In order to understand what type of primary sequence relatedness exists between knotted and unknotted proteins, a PDB-wide BLAST [35] search was performed for each of the knotted representatives to identify the sequence homologs. For nearly all of the representatives, the analysis did not return significant sequence-based matches with unknotted proteins. One notable exception was constituted by a specific SOTCase, namely 2fg6C, whose phylogenetic tree comprises both knotted and unknotted entries. The knotted homologs fully occupied two commonly-rooted sub-branches of the tree, suggesting the existence of a single evolutionary event at the basis of the divergence of the knotted group from the main unknotted tree. The structural alignment of members of the knotted SOTCase phylogenetic tree highlighted that the knotted domains differed from the unknotted counterparts, for the presence of two additional short segments with a small end-to-end separation. The bridging of these knot-promoting loop segments, one of which was identified in ref. [19] using a different approach, that is their removal from the primary sequence, ought to result in an unknotted native state equivalent to the one of the unknotted homologs.

The insight offered by the sequence comparative investigation was finally complemented by one based on pairwise structural alignments. At variance with the sequence case, the structural one revealed several significant knotted/unknotted correspondences. In an appreciable number of instances, these correspondences involved a substantial fraction of the region where the knot is accommodated. Also in these cases, knotted proteins appeared to differ from the unknotted partner by the presence of knot-promoting segments analogous to those identified in the alignments involving the SOTCase. The results therefore point to the key role that these specific, local, protein segments play for the global knotted topology of the folded protein.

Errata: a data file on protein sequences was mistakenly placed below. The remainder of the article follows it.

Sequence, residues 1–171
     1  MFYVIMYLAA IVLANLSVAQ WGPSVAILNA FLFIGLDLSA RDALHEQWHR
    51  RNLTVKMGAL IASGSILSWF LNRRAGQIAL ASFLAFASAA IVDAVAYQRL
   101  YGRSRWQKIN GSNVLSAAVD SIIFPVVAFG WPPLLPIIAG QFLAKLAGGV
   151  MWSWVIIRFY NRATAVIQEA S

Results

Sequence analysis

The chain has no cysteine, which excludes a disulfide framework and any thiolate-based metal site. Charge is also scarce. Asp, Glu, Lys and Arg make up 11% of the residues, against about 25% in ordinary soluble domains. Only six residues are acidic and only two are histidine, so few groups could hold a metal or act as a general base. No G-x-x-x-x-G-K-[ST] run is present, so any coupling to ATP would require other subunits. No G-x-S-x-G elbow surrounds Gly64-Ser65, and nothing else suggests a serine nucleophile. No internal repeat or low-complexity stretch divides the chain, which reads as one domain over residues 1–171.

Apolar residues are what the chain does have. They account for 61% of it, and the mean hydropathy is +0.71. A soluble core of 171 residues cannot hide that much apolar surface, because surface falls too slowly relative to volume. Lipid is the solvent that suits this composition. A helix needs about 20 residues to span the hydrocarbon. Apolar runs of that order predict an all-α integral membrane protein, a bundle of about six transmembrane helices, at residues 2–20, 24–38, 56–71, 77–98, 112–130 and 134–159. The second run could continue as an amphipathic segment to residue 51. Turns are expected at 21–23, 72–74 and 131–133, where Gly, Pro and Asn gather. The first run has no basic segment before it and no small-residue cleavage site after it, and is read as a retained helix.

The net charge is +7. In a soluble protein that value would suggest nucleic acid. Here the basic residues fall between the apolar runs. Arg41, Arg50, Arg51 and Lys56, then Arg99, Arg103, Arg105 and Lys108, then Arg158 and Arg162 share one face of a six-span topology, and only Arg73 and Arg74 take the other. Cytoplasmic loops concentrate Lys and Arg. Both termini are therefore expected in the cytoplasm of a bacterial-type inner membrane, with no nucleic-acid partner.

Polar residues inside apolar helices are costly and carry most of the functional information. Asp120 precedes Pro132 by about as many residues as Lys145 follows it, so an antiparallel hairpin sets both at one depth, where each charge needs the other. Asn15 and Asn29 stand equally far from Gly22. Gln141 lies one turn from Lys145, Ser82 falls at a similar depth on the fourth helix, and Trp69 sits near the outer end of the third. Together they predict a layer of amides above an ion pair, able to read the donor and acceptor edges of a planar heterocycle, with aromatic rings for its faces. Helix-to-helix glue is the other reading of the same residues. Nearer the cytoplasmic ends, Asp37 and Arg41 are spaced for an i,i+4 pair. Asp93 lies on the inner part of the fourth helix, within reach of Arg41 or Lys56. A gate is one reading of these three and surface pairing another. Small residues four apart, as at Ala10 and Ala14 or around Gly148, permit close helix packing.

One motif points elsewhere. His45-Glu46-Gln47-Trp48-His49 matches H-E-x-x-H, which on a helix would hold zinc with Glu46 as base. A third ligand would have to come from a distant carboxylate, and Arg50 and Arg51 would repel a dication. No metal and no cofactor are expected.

These regions might represent ideal candidates for mutagenesis or excision experiments to monitor the impact of these regions on the process of knot formation.

Materials and Methods

PDB dataset processing

The PDB database as of December 2009 contained 6.2 entries, which were parsed into single chains. From the resulting dataset we retained only those chains with length matching the nominal one (provided in the SEQRES PDB field) to within 25 amino acids. Very short (less than 50 a.a.) and very long (more than 1000 a.a.) chains, as well as those with missing coordinates were not considered. This sieving procedure returned 1.2 chains.

Detecting and characterizing the presence of knots in proteins requires a suitable generalization of the mathematical notion of knottedness [49][51]. The latter is rigorously defined only for circular, closed, chains [52], [53].

In such contexts, at variance with the case of linear open-ended polymers such as proteins, knots cannot be untied by any manipulation preserving the connectivity and self-avoidance of the circular chain. The mathematical concept of knottedness can be extended to protein chains whenever a simple, non-ambiguous way exists to bridge the two termini, such as by prolonging them into an arc that does not intersect the protein hull. Such virtual circularization procedures are actually possible for most protein chains because the N and C termini are usually exposed at the protein surface.

The closure algorithm applied here first performs the identification of those chains with both termini exposed on the surface: this condition is satisfied if one can pass a plane through each terminus, such that all other residues occupy only one of the two subspaces created by the plane. In these cases the chain can be unambiguously closed by adding a segment connecting the termini “at infinity” without intersecting the protein chain.